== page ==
Davis' Execution Continues to Inspire Death Penalty Activists
Barrington M. Salmon | , WI Staff Writer | 10/3/2012, 1:06 p.m.
It has been a year since Georgia resident Troy Anthony Davis was put to death by lethal injection for killing Savannah Ga., police officer Mark MacPhail.
From the time he was arrested until he uttered his final words, Davis, 42, proclaimed his innocence. He was put to death despite massive protests in the U.S. and around the world, and despite supporters signing and delivering one million signatures to clemency officials asking them not to execute him because of what appeared to be a preponderance of doubt about his guilt.
But at a modest ceremony on Sept. 20 in downtown D.C. marking the one year anniversary of his death, Davis supporters and a member of his family continued to adamantly proclaim his innocence.
"I'm still standing on Troy's innocence ... we have faith. Hebrews 11:1 talks about evidence of things not seen," said his sister Kimberly Davis. "We don't have anything to hold our heads down for. They wanted someone to be an example to show Georgia was in control. There is evidence of police misconduct, prosecutorial misconduct - so much evidence is still coming out that shows he wasn't the one who killed the police officer. [My sister] Martina was a warrior and a true warrior. She told me to keep up the fight. We'll do this one day at a time."
Suzanne Nossel spoke of her organization's resolve to keep up the fight against the death penalty and to continue to honor Davis' sacrifice.
"Troy Davis provided a human lens to look at the hard question about what [the death penalty] is and what it means," said Nossel, executive director of Amnesty International USA. "The case caused people to wake up and take a harder look."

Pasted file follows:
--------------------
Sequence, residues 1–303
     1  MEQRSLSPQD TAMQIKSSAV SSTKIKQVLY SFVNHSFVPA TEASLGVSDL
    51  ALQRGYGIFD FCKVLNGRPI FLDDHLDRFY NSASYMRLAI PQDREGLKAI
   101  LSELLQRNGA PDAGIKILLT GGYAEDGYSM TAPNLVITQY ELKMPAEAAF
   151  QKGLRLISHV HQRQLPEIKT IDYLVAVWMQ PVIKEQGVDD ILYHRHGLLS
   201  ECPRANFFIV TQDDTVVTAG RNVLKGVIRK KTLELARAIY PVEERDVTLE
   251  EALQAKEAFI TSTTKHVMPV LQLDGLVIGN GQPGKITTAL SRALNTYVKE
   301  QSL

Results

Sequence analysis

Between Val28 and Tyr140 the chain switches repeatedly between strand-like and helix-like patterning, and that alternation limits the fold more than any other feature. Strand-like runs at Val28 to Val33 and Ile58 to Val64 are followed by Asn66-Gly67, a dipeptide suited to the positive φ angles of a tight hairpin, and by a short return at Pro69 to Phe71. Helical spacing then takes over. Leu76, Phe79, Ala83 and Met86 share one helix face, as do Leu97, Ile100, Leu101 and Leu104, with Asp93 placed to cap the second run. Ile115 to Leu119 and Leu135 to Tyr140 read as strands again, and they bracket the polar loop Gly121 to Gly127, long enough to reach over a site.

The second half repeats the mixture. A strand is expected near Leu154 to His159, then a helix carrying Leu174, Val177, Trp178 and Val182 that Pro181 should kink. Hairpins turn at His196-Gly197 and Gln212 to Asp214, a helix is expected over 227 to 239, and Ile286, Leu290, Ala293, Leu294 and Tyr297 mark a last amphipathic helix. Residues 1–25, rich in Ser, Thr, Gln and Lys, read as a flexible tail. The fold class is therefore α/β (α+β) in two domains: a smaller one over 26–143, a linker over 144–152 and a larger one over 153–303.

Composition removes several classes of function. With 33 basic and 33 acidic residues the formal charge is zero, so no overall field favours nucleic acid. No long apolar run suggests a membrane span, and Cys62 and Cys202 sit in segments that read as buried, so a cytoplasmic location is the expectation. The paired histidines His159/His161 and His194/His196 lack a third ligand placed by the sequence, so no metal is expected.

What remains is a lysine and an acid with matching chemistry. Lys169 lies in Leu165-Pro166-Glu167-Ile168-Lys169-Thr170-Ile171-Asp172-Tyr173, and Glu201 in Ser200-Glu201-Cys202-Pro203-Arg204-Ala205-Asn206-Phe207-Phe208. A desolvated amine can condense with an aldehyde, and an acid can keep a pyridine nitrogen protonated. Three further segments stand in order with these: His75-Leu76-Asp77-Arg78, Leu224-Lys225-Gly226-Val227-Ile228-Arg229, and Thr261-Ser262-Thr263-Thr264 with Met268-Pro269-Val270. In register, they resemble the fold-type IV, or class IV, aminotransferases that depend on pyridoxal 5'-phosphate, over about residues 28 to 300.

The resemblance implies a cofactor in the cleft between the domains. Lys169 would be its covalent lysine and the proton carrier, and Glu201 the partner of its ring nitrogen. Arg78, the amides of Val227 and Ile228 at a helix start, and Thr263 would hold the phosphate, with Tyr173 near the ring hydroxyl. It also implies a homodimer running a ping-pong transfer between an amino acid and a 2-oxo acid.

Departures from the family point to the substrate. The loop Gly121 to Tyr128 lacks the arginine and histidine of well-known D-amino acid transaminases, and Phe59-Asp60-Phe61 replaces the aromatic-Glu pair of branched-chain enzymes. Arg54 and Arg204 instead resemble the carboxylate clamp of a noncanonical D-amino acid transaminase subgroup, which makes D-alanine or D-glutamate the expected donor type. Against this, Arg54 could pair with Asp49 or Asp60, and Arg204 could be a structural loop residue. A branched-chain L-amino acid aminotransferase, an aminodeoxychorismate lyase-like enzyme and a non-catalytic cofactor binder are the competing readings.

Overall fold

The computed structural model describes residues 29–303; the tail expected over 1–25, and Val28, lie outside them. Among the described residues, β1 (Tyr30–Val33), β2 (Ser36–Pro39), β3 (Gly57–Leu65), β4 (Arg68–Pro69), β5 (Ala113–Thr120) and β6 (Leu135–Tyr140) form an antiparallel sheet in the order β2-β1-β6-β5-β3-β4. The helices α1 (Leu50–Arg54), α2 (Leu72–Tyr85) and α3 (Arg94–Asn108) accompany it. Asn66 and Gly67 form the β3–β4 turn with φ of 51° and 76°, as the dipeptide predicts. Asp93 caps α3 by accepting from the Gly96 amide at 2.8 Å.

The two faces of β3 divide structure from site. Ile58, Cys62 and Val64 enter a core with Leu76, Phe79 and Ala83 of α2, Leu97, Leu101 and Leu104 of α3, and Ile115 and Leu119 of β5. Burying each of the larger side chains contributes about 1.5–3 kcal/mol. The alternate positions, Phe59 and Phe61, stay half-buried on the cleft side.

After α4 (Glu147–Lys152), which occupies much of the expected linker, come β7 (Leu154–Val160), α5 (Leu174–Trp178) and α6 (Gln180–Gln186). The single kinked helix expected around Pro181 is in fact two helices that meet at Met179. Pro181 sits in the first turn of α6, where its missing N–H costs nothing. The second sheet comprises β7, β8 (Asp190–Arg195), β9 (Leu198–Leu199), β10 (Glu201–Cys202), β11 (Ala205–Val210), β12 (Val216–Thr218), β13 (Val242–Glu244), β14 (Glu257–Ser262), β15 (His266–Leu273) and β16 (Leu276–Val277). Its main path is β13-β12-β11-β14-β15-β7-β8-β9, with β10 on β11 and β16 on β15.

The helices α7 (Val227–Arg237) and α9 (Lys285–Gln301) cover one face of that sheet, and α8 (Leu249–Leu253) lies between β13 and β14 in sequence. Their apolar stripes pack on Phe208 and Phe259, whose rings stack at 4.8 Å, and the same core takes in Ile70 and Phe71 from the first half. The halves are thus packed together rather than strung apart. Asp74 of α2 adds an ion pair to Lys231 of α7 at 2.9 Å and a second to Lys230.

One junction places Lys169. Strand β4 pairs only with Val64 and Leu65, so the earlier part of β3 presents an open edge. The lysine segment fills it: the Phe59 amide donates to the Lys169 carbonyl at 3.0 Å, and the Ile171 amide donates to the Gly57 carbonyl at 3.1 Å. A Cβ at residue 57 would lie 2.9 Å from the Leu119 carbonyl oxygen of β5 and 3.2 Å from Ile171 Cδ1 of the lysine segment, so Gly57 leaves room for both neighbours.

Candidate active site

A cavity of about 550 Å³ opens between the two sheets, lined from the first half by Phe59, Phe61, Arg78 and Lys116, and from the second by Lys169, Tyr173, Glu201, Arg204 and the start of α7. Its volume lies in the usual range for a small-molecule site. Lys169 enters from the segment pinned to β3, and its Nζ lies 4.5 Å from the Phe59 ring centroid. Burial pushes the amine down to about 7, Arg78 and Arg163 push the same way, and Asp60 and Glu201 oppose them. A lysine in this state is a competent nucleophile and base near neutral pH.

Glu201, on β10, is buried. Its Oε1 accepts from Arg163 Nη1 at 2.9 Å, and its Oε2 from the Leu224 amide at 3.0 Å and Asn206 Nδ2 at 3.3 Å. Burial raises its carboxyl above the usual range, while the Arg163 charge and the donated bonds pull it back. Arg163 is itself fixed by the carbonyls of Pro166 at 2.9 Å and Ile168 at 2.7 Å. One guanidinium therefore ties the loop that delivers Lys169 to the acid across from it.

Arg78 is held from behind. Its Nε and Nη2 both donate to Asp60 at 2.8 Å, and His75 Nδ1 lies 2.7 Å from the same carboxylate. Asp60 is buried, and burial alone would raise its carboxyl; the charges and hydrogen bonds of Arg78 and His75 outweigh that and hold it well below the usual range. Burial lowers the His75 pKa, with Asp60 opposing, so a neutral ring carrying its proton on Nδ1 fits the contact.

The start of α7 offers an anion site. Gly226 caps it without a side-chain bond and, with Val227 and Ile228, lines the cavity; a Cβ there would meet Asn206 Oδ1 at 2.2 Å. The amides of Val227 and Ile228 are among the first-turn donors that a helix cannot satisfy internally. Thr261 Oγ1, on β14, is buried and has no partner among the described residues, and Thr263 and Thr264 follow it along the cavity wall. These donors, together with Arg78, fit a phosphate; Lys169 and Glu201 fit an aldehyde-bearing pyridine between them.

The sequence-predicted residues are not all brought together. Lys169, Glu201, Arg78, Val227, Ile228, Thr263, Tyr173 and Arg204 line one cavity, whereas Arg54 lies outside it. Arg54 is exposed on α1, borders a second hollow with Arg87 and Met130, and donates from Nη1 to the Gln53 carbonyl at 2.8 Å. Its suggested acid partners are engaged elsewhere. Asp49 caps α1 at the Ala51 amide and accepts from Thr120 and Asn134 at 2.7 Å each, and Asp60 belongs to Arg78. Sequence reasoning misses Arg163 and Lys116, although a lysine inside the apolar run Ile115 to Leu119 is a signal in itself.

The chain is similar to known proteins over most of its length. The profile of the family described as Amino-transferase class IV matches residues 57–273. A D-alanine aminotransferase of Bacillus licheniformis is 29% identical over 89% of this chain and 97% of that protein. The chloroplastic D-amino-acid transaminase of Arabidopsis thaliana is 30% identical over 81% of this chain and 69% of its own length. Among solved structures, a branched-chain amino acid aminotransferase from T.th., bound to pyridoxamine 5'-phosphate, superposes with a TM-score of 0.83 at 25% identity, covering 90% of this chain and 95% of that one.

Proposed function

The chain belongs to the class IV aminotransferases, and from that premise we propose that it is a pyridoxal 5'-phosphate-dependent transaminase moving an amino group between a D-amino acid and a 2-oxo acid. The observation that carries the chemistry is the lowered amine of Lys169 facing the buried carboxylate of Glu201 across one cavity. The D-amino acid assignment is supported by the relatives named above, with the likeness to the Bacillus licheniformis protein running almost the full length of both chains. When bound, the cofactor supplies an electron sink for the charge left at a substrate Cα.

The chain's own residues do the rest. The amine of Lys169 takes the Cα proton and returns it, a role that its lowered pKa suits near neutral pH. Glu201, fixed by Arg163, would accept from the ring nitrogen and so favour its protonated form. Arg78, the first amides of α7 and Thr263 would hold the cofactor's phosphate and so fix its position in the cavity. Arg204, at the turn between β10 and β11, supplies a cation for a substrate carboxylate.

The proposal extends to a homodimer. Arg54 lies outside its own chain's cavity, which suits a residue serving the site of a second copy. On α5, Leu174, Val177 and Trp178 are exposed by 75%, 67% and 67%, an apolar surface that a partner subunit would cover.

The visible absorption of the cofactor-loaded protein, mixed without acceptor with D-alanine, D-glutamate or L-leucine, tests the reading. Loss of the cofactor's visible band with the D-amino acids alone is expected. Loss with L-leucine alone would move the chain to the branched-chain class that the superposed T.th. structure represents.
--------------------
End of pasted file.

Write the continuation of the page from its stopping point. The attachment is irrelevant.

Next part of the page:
Nossel said the death penalty has the lowest public support in 40 years, precisely because of that scrutiny. She added that it has been abolished in Connecticut, has been put on moratorium in several states and elected officials are reconsidering their public position on the issue.
Amnesty International remains focused on working on individual death penalty cases and raising the awareness of the next generation, and pressing officials to take action on individual cases.
Brian Evans, a campaigner for Amnesty International USA's Death Penalty Abolition Campaign crystallized the broad concerns those familiar with the Davis case couldn't shake.
He said there are so many egregious wrongs in the case that people felt impelled to come out against his execution.
"The doubts about the case are so obvious," he said during a 2011 interview. "There was no murder weapon and no DNA evidence linking Troy to the crime and witnesses were coerced. Seven of the nine people who testified against him have recanted, yet the legal system has been unable to stop this. The doubts at the time of the trial are the same today."
"Troy was fingered by this other guy and they planted his picture all over television, then they asked witnesses to identify him. They shouldn't be carrying out this execution. After 22 years of appeals, the machinery of the criminal justice system moves slowly - the institution of death has a life of its own."